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  • Writer's pictureRyan Hardison

"Surf's Up" - Brian Wilson is a Genius

Updated: Jul 12, 2020

The Beach Boys performing "I Get Around" on The Ed Sullivan Show (September 27, 1964)

The Beach Boys performing "I Get Around" on The Ed Sullivan Show (September 27, 1964)

The Beach Boys are the quintessential American rock band. They rode the highs and lows of the counterculture era, made numerous hit records, and left an innovative blueprint for later bands to follow. Nearly sixty years later, the band is still performing and touring despite their advanced old ages.

The band's original lineup consisted of Al Jardine, the Wilson brothers (Carl, Brian, and Dennis), and their cousin Mike Love. Besides a few temporary splits from the group, the introduction of Bruce Johnston in 1965, and the deaths of Carl and Dennis Wilson, the lineup has pretty much stayed the same throughout the group's run.

If you're from Southern California, there's a good chance you've heard anywhere from 10-20 different Beach Boys songs throughout your life being played at beaches, bars, or any place that's coastal-themed. Even if you can't recall any of their songs from memory, you're likely familiar with the tune of "Surfin' USA," "Good Vibrations" or "California Girls."

Many of their early songs were pop ballads about going to the drive-in, relaxing at the beach, and hanging out at soda shops (or whatever the fuck people used to do for fun in the '60s). The funny thing is, only one member of The Beach Boys actually knew how to surf (Dennis Wilson), but Capital Records ran with the image of the picturesque So-Cal lifestyle and encouraged the band to make songs that glorified this way of life.

Despite the pleas from their label, things took a positive turn for the group once they stopped singing about the surf and sun and instead embraced divinity, romance, and psychedelia. After gaining creative control, The Beach Boys ascended to a level of artistic growth that many bands yearn to reach but seldom do, and by the end of the decade, they'd released some of the best albums ever.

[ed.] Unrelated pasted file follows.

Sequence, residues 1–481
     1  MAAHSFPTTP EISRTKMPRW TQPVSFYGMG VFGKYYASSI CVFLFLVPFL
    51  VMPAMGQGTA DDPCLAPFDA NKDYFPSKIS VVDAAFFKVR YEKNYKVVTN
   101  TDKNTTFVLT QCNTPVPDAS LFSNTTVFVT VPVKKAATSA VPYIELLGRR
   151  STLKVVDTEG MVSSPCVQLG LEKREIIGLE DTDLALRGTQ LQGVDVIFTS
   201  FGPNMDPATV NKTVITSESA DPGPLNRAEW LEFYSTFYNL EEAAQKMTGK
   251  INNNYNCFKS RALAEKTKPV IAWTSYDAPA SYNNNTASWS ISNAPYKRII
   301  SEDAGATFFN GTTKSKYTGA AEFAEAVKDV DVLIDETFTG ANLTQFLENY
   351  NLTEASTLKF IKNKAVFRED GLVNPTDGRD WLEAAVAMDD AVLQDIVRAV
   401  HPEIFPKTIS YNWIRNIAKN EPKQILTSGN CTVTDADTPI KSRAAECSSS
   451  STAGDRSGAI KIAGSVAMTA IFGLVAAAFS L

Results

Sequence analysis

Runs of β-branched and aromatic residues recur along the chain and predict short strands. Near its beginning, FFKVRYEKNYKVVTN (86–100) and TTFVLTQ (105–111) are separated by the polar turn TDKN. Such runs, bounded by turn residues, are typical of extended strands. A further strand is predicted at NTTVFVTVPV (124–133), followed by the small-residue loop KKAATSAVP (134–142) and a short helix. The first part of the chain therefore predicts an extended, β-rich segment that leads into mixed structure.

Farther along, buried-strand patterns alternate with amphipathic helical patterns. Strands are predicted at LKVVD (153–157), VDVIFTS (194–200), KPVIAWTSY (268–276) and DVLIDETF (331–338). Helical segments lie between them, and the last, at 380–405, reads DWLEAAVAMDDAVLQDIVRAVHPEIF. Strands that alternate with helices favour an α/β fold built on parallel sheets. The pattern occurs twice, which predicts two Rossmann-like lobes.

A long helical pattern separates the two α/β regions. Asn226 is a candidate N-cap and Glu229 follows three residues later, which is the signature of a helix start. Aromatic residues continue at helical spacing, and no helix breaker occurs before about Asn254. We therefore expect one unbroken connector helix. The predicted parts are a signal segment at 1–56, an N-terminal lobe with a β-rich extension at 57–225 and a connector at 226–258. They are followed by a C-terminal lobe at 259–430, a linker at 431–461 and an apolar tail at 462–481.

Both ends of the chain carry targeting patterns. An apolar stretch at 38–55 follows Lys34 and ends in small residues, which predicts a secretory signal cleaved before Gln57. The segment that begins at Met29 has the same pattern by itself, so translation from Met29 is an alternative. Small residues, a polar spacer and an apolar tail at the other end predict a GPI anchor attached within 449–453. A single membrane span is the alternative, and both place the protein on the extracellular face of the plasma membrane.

Much of the genius that came from The Beach Boys can be directly attributed to the group's lead singer, keyboardist, and founder Brian Wilson. Wilson is easily one of the most influential musicians of the '60s and was the mastermind behind the band's creative endeavors. Though he doesn't always receive the same praise as his peers, Wilson is a better songwriter than Bob Dylan, has more range than Paul McCartney, and might be the greatest pop producer of all time: at least according to me.

Who knew that the man who received an "F" in a high school music class (for a composition which eventually became The Beach Boys' debut single "Surfin'") would become a superstar? Well, obviously not his high school. Since then, the grade has been changed to an 'A' in Hawthorne High School's records, making his musical resume essentially flawless.

The best thing that happened for The Beach Boys was Wilson receiving complete authority over the band's songwriting and production, which he used to single-handedly improve their music.

This artistic turning point for The Beach Boys began in 1963 when Wilson became obsessed with Phil Spector's Wall of Sound production technique. This practice is when musicians re-record their instrumentals and a song's production is layered to create an echo chamber sound. By placing a more significant focus on the harmonic and orchestral aspects of production, this technique added a symphonic side to rock n' roll that never previously existed. In The Beach Boys' case, it strengthened their soothing melodies and made their music innovative and unique.